Thursday, December 16, 2021

What! No Insulin In The Pharmacy Of The Largest Store In The World!

As some of you know, I have type 1 diabetes, an organ specific autoimmune disease, not to be confused with the more common type 2. 

People with type 1 must inject insulin in order to survive. I get mine via an insulin pump. 

I've now had this illness for about 33 years and not once during all those years have I thought that I may die from lack of insulin. 

I have excellent health insurance, not all diabetics are as fortunate as I am. 

Then this happened:

On or about the 6th of December, I submitted my insulin refill request to Walmart Pharmacy, a division of the largest store in the world. 

Some time went by, I never received a text that my order was filled, so I called them. 

The person who answered told me they were out of insulin. His tone of voice was nonchalant, as if this was no big deal. He didn't know when their order would arrive. 

Fortunately, I don't wait until the last minute to reorder, so I have a vial and some leftovers in a few other vials. 

But what about people who can't afford this way too expensive medicine? (Fortunately, Lilly who produces the insulin I use will again reduce the price in January 2022.) 

Unfortunately, some people need large amouts of insulin every day to just survive, for them, it can get hideously expensive.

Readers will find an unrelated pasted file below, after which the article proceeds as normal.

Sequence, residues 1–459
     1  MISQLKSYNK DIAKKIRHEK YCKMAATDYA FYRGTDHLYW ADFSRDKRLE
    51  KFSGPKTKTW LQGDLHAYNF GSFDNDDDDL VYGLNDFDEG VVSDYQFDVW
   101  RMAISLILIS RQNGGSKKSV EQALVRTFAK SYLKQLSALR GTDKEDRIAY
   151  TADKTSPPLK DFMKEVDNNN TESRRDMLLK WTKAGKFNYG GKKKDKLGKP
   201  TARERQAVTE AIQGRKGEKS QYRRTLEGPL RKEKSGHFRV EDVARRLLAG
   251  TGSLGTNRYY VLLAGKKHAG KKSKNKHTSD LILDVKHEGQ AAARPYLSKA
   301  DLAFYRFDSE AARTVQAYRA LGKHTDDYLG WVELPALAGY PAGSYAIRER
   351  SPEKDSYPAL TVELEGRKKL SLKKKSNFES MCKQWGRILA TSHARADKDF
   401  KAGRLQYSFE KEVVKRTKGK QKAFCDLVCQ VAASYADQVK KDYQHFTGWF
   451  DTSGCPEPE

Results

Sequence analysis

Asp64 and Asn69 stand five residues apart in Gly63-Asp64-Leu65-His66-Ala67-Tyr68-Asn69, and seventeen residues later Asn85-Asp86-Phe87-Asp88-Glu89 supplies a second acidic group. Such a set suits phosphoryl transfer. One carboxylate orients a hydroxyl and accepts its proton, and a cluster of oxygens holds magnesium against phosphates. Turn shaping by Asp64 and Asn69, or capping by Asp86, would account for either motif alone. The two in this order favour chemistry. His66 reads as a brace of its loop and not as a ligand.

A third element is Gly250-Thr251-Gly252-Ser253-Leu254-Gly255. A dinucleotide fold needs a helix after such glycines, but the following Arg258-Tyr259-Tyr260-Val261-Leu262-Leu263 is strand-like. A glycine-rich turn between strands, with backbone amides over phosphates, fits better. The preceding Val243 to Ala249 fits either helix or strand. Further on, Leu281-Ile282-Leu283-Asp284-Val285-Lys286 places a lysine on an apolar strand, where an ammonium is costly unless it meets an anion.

You know I'm old now, somewhat wise, so few things make me angry these days. 

But the cost of insulin does. It's one of those things that just infuriates me.  

Yes, I know there's been talk in congress, but that's it, just talk. I don't have much hope things will change.

What about those people who wait until the last minute to reorder? Because they don't have the money. I'm sure for now, they will find insulin somewhere, but still.

I called back today, December 15, to find out when I could expect to get mine.

The guy said they expect a delivery on the 19th, which is this Sunday. 

Exactly two weeks after I ordered it.

That is, if it does show up on that date.

I can't help but wonder if this may be a sign of things to come.

Much has been written lately about supplyline problems. When I read it, I thought mostly about delays in Christmas presents, no new cars to buy, and so on. 

Insulin and other life-saving medications were just not on my mind. 

It seems inconceivable that a real danger to people's lives could be caused by these supply issues. 

Not right now, but eventually.

Not somewhere else.

But here.


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